To determine the percentage of recovery of epicatechin and its metabolites plasma samples were spiked with increasing concentrations of 3'-O-Methyl-(-)- epicatechin and 4'-O-Methyl-(-)-epicatechin to generate final concentrations ranging from 10 to 1000 nM. These samples were analyzed applying the method described above.

The recoveries obtained for this series of (-)-epicatechin metabolite standards ranged from 90 to 94% (Table 3).

Table 3. Recovery of Epicatechin and its metabolites from plasma samples using SPE as above described.

Hydrolysis of human plasma

After absorption in the intestinal tract, (-)-epicatechinis rapidly metabolized into structurally related (-)-epicatechin metabolites by O-glucuronidation, O- sulfonation, O-methylation, and combinations thereof catalyzed by uridine-50- diphosphate glucuronosyl-transferases, sulfo-transferases, and catechol-O- methyltransferases, respectively. The net result of the extensive first-pass metabolism is the presence of glucuronides, sulfates, and/or methyl conjugates in the blood stream. These metabolites chemically different from the aglycone forms originally present in foods, are the compounds that reach the target organs.

Taking into account the lack of standards present commercially available, it was necessary to synthesize two compounds such as 3'-O-methyl-(-)-epicatechin, and 4'-O-methyl-(-)-epicatechin.

These compounds are directly derived from the metabolism of epicatechin and obtained by the hydrolysis of the corresponding glucuronyl or sulfate derivatives, according to the diagram illustrated in Fig 6.

In this first phase of the study, it was decided to carry out the qualitative and quantitative evaluations of two of the most important metabolites obtained from the epicatechin.

The quantification of (-)-epicatechin, 3'-O-methyl-(-)-epicatechin, and 4'-O-methyl- (-)-epicatechin in plasma was determined in 0.5 imL of plasma acidified with 50 plot 1 .2 M acetic acid and incubated for 40 min at 37 °C in the presence of 5000 IU of β-glucuronidase and at least 150 IU of arylsulfatase from H. pomatia. Thereafter, samples were put on ice, diluted with 1 .3 imL of 0.5% (v/v) acetic acid in water, and centrifuged for 15 min at 16,500 g at 4 °C. Finally, samples were loaded onto SPE cartridges following the same protocol as for the determination of individual metabolites.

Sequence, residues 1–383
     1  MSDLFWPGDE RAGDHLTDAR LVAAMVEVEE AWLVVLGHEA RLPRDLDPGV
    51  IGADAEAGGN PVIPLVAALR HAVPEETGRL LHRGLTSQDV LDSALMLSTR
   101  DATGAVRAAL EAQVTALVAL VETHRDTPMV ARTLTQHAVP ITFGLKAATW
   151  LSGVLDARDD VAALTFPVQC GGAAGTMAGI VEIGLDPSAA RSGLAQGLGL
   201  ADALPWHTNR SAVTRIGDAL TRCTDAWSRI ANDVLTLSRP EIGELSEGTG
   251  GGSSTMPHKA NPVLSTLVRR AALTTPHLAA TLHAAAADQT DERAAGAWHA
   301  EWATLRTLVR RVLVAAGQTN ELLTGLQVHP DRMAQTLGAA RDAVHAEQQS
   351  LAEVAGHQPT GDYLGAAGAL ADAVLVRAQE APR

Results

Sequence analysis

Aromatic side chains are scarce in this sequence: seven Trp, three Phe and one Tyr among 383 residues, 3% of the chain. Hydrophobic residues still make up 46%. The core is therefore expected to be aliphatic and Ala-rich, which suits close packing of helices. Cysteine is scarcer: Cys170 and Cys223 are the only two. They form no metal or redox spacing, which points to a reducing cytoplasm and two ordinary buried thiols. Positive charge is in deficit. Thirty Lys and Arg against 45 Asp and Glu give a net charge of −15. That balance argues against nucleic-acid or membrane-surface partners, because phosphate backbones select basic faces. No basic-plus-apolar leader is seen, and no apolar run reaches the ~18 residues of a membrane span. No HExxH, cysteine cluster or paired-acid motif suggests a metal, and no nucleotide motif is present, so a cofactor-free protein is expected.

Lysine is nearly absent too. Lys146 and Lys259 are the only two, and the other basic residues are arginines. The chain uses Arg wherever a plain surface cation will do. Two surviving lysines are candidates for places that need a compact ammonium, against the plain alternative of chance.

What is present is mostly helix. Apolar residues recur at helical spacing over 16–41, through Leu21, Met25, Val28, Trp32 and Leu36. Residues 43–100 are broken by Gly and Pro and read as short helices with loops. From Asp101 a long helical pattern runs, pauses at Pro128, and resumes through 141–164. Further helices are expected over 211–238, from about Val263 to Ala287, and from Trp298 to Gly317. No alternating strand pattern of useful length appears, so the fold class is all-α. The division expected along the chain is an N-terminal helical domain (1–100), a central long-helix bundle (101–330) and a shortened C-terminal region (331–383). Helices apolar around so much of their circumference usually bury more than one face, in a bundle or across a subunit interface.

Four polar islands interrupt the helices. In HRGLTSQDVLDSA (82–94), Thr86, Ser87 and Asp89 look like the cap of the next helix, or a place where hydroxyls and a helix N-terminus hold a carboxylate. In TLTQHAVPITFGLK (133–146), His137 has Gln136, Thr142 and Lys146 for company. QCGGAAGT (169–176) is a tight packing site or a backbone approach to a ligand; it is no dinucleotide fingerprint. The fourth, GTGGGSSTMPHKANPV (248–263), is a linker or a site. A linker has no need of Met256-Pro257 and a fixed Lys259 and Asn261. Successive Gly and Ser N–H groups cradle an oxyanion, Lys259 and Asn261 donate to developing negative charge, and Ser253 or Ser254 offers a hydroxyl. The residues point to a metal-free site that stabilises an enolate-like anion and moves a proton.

-)-Ep catech n

Chromatographic conditions for the quantification of (-)-epicatechin metabolites (-)-Epicatechin and its related metabolites were resolved and quantified using an Agilent HPLC 1 100 series equipped with a quaternary pump, autosampler, column and sample thermostat, UV/Vis (UVD) and fluorescence detectors (FLD), and an ESA Coulochemarray detector (ECD), Model 5600A, equipped with a Cell Model 6210 with an array of four electrodes. Chromatography was based on a Phenomenex Luna C18(2) column (150x4.6 mm, 3-μιη particle size) with guard column.

The separation was performed at 40 °C. Solvent A was composed of water with 0.1 % acetic acid and solvent B of acetonitrile with 0.1 % acetic acid. Gradient conditions were as follows: time 0 min, 8% solvent B; time 0.5 min, 33% solvent B; time 5 min, 40% solvent B; time 5.1 min, 100% solvent B; time 6 min, 100% solvent B; time 6.1 min, 33% solvent B; time 8 min, 33% solvent B. The injection volume was 10 imL and the flow rate was 0.5 imL/min. The best signal and resolution in the MS system were achieved using negative-ion mode under the following conditions: capillary 2.00 kV, source temperature 150 °C, desolvation temperature 500 °C, and desolvation gas flow 1000 L/h.

The identification of (-)-epicatechin metabolites was conducted with the following m/z transition: 305→ 109 (O-Methylepicatechins), and 289→ 109 (Epicatechin). The ion spray and orifice voltages, temperature, and collision energy were set at -4200 V, -65 V, 500 °C, and -36 V, respectively. The collision gas (nitrogen) was maintained at the medium setting. Data acquisition was conducted using multiple- reaction monitoring with a 75-ms dwell time per transition.

Additional information on the polyphenolic content

In general the polyphenols contained in the cocoa based products of the invention can be divided into three groups:

1 ) catechins (about 37%)